"With respect to corporal punishment, there are certain requirements and restrictions to which this punishment is subjected, which can be found in a number of statutes. These include section 10 of the Constitution, section 28 of the Penal Code, section 305 of the Criminal Procedure and Evidence Act, and section 3 of the Corporal Punishment Regulations (under the Customary Courts Act)."

The AG also explained the main restrictions that apply and the procedures to be followed with respect to the administration of corporal punishment to convicted persons:
i) the punishment shall be carried out in a manner and with a cane of a type which has been provided for in Regulations;
ii) the punishment shall not be administered until a medical officer has certified that the convict is fit for such punishment, and should be administered in the presence of a medical officer or magistrate;
iii) the punishment should be carried out privately in a prison, or a recognized customary court, except for convicts under 18 years whom the court may direct that it be done in some other place by some other person in the presence of his/or her parent/guardian;
iv) the administration of corporal punishment on females, and on males above the age of 40 years as a punishment by a court is prohibited;
v) where lawfully sanctioned, corporal punishment shall be inflicted on the buttocks only and on no other part of the body;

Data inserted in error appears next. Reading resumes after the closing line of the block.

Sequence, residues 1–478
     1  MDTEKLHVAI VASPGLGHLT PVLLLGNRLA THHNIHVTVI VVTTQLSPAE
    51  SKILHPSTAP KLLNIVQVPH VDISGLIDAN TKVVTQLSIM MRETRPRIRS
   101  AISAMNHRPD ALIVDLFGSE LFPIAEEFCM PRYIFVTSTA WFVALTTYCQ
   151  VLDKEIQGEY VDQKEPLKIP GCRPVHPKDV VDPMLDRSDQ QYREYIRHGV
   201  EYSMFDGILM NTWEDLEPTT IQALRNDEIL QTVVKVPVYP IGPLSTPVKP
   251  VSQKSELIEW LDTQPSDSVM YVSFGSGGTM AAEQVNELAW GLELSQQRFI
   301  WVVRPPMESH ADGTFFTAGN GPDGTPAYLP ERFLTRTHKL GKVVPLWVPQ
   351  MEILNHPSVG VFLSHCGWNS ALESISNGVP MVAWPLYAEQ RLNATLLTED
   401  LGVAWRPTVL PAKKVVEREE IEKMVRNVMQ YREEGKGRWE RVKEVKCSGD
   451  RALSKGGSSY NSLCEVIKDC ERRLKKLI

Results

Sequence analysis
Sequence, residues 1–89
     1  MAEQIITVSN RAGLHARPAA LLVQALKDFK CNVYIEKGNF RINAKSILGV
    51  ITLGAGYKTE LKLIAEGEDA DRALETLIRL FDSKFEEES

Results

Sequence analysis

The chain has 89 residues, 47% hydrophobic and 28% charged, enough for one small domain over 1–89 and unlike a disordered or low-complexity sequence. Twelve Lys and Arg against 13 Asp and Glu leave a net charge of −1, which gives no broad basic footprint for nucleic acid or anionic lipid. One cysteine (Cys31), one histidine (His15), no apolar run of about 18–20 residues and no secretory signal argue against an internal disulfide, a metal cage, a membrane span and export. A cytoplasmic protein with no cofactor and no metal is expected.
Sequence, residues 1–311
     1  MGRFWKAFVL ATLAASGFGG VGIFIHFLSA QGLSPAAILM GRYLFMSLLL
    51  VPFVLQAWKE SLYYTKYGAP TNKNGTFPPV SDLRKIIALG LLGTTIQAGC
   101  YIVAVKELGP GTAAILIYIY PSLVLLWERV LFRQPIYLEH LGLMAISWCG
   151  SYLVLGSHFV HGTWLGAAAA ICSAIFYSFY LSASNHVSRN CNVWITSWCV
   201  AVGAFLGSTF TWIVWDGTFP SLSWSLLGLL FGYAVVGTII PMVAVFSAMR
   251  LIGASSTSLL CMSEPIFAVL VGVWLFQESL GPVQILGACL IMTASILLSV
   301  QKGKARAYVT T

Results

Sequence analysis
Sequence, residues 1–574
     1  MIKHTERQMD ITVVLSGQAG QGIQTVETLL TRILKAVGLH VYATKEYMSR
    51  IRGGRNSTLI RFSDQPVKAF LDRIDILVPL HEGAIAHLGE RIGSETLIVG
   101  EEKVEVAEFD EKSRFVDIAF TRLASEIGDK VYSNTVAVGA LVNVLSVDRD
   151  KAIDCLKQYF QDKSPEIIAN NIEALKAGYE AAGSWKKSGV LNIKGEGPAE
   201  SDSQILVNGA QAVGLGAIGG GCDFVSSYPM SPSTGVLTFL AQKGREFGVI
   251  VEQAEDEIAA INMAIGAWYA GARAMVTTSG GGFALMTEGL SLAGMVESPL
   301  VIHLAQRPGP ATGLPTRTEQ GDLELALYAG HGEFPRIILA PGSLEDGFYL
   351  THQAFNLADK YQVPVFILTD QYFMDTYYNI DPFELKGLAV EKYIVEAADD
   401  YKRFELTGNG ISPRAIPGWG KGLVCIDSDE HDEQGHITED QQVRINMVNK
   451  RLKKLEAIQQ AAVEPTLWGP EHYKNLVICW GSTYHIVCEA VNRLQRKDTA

vi) no instrument other than a cane or thupa shall be used, and a sjambok or other type of whip is prohibited;
vii) where a cane is used, protection shall be placed over the kidneys before such punishment is inflicted;
viii) if the convicted person indicates a desire to appeal the sentence, the caning should not be administered pending the appeal;
ix) Corporal punishment at schools is regulated by the Education Act, which lays down written requirements for its use;
x) In addition the Children's Act, which was adopted by Parliament, assented to by the President in 2009 and will commence shortly, contains clear provisions limiting the number of strokes to be administered on convicted children to six strokes. This Act also requires compliance with the provisions of the Penal Code and Criminal Procedure and Evidence Act earlier referred to.

Molokomme said the above general rules restrictions presuppose the existence of a fair trial, a conviction and lawful sentence of corporal punishment. "They apply throughout Botswana and are meant for the protection of everyone; they are minimum standards below which no one can legally act. No person, group or tribe, is exempted from, or above the law."

She said customary law in Botswana is defined subject to consistency with the written law, thus no belief, custom, tribal practice, or customary law is superior to the written law. "In other words, in the few instances where there might be a conflict, the written Law takes precedence."

The AG further said the flogging or caning of people without their consent, outside the foregoing legal framework, is illegal and offenders can be charged with criminal offences for assault and other offences, as well as being sued in civil proceedings.

"I would like to reassure the public that they have the full protection of the law as enunciated above, and should not hesitate to report offenders, or be intimidated from cooperating with the police and other legally sanctioned law enforcement agencies, to ensure compliance with the rule of law," concluded the Attorney General.